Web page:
Free Skin Cancer Screening At NYU Langone Medical Center
Screening Participants Can Also Participate in Study to Help Identify Genetic Risk Factors for Melanoma
New York, NY (May 3, 2010) - NYU Langone Medical Center's Ronald O. Perelman Department of Dermatology will host its annual free skin cancer screening on Thursday, May 6, 2010 from 1:30 PM to 5:00 PM at 550 First Avenue in New York City in the Charles C. Harris Skin and Cancer Pavilion. The screening is open to the public -- especially those who have a changing mole, a history of melanoma or are over the age of 50 and do not have a regular dermatologist. No appointment is necessary. The screening is collaboration between NYU Langone's Ronald O. Perelman Department of Dermatology and the American Academy of Dermatology.
Who: General Public
What: Free Skin Cancer Screening by Dermatologists from NYU Langone's
Ronald O. Perelman Department of Dermatology
Where: NYU Langone Medical Center
Charles C. Harris Skin and Cancer Pavilion, 1st floor
550 First Avenue, New York, NY, 10016
When: Thursday, May 6, 2010 from 1:30 PM to 5:00 PM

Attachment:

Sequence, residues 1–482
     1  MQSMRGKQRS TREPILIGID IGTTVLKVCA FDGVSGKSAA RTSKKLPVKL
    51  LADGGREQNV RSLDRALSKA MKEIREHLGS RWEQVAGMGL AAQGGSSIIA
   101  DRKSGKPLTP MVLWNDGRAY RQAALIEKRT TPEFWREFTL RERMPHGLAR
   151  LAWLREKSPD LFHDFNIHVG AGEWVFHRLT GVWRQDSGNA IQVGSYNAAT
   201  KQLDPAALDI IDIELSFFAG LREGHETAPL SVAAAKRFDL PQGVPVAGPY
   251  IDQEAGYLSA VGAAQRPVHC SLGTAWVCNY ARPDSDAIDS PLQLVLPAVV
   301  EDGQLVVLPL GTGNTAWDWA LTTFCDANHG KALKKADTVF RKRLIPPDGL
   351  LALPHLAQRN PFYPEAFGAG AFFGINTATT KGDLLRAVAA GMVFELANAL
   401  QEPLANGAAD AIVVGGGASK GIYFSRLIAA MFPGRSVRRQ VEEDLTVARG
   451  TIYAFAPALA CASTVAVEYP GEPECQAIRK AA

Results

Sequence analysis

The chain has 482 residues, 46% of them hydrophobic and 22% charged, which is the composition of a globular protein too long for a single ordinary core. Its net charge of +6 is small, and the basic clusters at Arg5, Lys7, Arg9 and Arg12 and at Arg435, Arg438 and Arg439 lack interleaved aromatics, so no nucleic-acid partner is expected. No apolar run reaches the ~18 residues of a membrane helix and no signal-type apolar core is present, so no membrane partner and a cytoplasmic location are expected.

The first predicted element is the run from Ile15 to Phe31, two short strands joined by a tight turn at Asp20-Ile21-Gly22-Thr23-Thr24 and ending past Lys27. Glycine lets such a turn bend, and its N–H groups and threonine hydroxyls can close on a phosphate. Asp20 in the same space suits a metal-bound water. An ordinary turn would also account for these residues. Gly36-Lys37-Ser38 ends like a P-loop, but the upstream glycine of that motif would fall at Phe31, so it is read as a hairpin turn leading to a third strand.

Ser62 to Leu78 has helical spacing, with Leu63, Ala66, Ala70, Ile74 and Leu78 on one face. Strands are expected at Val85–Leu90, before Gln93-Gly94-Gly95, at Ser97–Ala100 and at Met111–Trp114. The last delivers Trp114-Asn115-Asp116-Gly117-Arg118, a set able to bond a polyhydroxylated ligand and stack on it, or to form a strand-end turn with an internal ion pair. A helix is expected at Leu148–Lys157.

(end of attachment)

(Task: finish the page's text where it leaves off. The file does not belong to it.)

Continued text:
Individuals at the screening will also have the opportunity to volunteer to participate in a new clinical study designed to identify the genetic factors that may predispose patients to melanoma, the deadliest form of skin cancer. Enrollment in the study requires the completion of a short questionnaire, a photograph of their back to assess their number of moles and skin sun damage, and a sample of their saliva to collect their DNA. Once study samples are collected, the DNA of melanoma patients will be compared with the DNA of non-melanoma patients. This comparison study will help researchers identify any gene variations between both groups. Participation in the study is optional.
About NYU Langone Medical Center:
NYU Langone Medical Center is one of the nation's premier centers of excellence in healthcare, biomedical research, and medical education. For over 168 years, NYU physicians and researchers have made countless contributions to the practice and science of health care. Today the Medical Center consists of NYU School of Medicine, including the Smilow Research Center, the Skirball Institute of Biomolecular Medicine, and the Sackler Institute of Graduate Biomedical Sciences; and the NYU Hospitals Center, including Tisch Hospital, a 705-bed acute-care general hospital, Rusk Institute of Rehabilitation Medicine, the first and largest facility of its kind, and NYU Hospital for Joint Diseases, a leader in musculoskeletal care, a Clinical Cancer Center and numerous ambulatory sites.
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